The Addict that Lives 'Day by Day'

Dorothie Bonfanti, a Lacey Township High School graduate, has been sober for nearly four years

Addiction is not a choice, but a disease, Dorothie Bonfanti said, a prevailing sickness that still has power even after nearly four years of sobriety.

Bonfanti took those 1,372 days one at a time — the only way an addict can reach recovery, which is never actually achieved, as it’s an ongoing battle.

The 29-year-old Lacey resident began her road to addiction at the youthful age of 13 with Percocet, a pain reliever prescribed for her Scoliosis.

“I noticed the more I took, the better I felt,” she said.

This habit continued for three months, before the prescription was no longer.

Bonfanti got drunk for the first time at 15 years old.

Then she smoked pot.

“That was really the only thing to do here in Lacey,” she said.

She continued drinking and smoking marijuana through age 22, when she was reintroduced to prescription drugs through her first husband who got hurt on the job.

It started with, “Oh, I have a headache,” and continued with her purchasing prescription drugs on the street in Lacey and Ocean Gate.

She proceeded to also use ecstasy, cocaine and crack.

In June 2009, Bonfanti left a bar drunk and high, and crashed into three parked cars. She was charged with refusal to submit to a breath test, DUI, leaving the scene of an accident, reckless driving and three charges involving controlled dangerous substances, she said.

“I spent a night in jail,” she said. “It was the hardest thing I had to do like that.”

Bonfanti grew up in a “good family” and was a “good kid,” despite her addiction, she said.

After the accident, her first husband left, and she spent a week trying to get into a rehab facility.

She entered the New Hope Foundation in Marlboro Township with five days of detox and 28 days of rehab.

On July 15, 2009, she was released and has been sober since.

Bonfanti says she turned to addiction because she was picked on as a kid and felt alone, even though her family and friends were there for her.

Her family had talked to her about drugs throughout her childhood. She would come home and her mother would put on television specials about the dangers of drug use.

Her parents held interventions because Bonfanti’s drinking was out of control, she said.

“I remember coming home drunk as a teen and my dad seeing me,” she said. “They tried their best. It’s hard to deal with it if you’re not an addict.”

With drugs, she made new friends and no longer felt lonely.

"I had that mentality that it would never happen to me…After that it was addiction. I couldn’t get away from it," she said. "All my "I nevers" turned into my "I dids." '

Recovery was on Bonfanti’s own time, she said. Today she continues in a 12-step program.

“I also try to give back as much as I can,” she said. Bonfanti speaks to addicts and groups about addiction. She also talks to her three children — 8, 7 and 3 years old — about her addiction. They’ve even attended meetings with her.

“They know I’m an alcoholic and a drug addict. They know it’s bad,” she said.

Bonfanti treats her addiction as if it’s a disease, she said.

“I look at it as a cancer,” she said, adding that her program, sharing her story and prayer is her medicine.

“(Sharing) helps me to remember where I don’t want to go again,” she said. “My worst day sober will always be better than my best day drunk.”

Living life continues to be a “challenge,” Bonfanti said. Drugs and alcohol were her escape.

“It’s hard to deal with life on its own terms,” she said.

It was especially hard when she returned to her Beach Boulevard home, after evacuating for Hurricane Sandy, with a tree in her house and water damage not from flooding but from rain.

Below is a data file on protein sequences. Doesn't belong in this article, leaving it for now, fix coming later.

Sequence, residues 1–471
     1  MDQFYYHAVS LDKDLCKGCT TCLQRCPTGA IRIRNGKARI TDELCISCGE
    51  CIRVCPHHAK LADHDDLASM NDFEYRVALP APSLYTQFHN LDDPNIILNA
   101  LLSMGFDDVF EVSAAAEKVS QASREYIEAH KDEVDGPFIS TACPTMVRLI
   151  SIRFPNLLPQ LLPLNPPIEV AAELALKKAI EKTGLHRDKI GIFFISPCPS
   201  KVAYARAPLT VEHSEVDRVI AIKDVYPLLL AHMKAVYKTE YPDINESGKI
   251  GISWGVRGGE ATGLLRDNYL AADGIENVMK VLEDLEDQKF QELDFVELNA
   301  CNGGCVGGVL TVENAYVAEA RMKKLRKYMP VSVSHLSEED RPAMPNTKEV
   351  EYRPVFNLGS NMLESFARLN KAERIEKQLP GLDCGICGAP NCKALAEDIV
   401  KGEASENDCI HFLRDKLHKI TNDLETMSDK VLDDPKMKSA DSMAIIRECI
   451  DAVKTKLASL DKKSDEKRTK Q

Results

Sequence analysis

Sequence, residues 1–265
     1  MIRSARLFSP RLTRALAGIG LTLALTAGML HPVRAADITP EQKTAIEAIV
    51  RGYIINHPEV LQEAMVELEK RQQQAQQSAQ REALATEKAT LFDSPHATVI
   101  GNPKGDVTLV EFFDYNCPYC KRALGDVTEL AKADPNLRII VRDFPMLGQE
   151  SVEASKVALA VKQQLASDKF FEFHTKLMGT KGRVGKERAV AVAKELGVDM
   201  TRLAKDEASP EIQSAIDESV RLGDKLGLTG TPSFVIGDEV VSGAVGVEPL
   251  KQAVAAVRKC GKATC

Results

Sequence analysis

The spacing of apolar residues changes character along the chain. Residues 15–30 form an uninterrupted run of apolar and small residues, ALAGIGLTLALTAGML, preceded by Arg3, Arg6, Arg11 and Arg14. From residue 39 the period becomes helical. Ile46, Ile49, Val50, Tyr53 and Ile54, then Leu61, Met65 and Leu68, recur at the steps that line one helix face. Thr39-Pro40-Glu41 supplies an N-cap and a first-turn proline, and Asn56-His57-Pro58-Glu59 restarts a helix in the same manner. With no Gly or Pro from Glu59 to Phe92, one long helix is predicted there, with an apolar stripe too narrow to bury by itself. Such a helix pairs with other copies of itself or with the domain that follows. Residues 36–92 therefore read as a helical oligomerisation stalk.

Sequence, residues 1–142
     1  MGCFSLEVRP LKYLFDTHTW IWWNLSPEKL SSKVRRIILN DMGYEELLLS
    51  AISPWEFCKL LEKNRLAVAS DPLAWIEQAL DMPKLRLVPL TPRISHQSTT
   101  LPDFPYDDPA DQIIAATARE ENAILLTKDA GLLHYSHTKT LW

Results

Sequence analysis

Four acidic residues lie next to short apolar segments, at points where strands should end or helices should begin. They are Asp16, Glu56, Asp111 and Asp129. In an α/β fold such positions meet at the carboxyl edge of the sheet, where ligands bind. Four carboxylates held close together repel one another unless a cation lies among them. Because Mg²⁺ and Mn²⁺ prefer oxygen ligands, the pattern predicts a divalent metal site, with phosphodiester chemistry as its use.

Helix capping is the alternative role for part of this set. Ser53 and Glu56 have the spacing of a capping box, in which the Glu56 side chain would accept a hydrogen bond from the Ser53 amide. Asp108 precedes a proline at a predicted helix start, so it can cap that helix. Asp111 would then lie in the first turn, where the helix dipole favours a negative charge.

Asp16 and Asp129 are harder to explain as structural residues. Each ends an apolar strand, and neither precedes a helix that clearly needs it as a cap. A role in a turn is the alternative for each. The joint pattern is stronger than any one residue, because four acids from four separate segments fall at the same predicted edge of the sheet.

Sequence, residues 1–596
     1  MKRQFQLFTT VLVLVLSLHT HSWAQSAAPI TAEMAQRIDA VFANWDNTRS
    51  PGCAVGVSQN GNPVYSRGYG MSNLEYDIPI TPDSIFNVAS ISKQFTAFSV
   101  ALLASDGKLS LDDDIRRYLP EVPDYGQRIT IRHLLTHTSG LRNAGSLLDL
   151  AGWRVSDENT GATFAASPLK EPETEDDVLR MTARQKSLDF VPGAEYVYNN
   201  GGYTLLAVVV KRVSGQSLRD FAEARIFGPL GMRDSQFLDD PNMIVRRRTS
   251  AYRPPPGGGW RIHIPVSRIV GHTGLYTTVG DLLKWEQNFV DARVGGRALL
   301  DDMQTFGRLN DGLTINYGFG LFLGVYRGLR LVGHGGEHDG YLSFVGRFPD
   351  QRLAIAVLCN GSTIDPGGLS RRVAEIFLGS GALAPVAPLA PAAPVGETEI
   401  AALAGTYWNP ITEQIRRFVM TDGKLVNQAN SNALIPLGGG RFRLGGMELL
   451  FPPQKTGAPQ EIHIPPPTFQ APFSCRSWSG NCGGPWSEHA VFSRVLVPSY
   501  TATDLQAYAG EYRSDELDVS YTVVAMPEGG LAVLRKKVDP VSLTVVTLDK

“We’re still waiting to get it fixed,” she said, adding that her family is temporarily living in South Toms River.

“I’m stronger than I was four years ago,” she said. “If it happened four years ago, I couldn’t guarantee I would’ve stayed sober. I had the tools to get through it.”

Bonfanti expects the next four years to be just as challenging, she said, as she anticipates feeling similar feelings, such as sadness and heartache, that led her to addiction in the first place.

“Life for me isn’t perfect but it’s better than it was. I have to live my sobriety every day,” she said. “I live day by day. If I can just stay sober just for today, then I’ll be okay.”

Joe April 16, 2013 at 10:33 AM
Good Luck to you and stay strong!!
gettin by April 16, 2013 at 11:16 AM
This is wonderful, of course, and many more 24s to you, but including your name and photo violates the 11th tradition, "Our public relations policy is based on attraction rather than promotion; we need always maintain personal anonymity at the level of press, radio, and films. films." Many may not understand my post but Dorothie, you will.
Phenobarbidoll April 16, 2013 at 11:40 AM
absolutely true.
robin April 16, 2013 at 12:48 PM
we need more success stories like that... more people to come forward... get rid of the shame help the problem.... kudos to you Dorothy and good luck
Dolores Kraushaar April 16, 2013 at 01:05 PM
Good job, Dorothy. The public, the government, the insurance companies, need to be educated. Addiction is a disease. Sadly, I will be attending a viewing today. A former student of mine, a terrific young man who would be celebrating his 22nd BD in July, didn't make it. 28 days, for so many, is just not enough and that is the standard for insurance companies. You should consider writing a book about your journey. Read BROKEN by Moyers and his LONG journey with drugs and addiction. I am proud of you.
Kenny Pitman April 16, 2013 at 01:18 PM
Good article ...Proud of you kid
kristin girone April 16, 2013 at 01:18 PM
What an inspiration Dorothie maybe your story will help the still suffering alcoholic. Carry the message, so to speak. You never mentioned our program so I see no 11th step violation. Plus you just said you were there. You didn't say I was there. There was no self promotion. Just wanting to reach out your hand to others, I know you well. This is a new age, now online meetings, young people addicted so to social media they cannot be reached any other ways ect Many more 24's to you. I'm gonna keep coming back
gettin by April 16, 2013 at 01:41 PM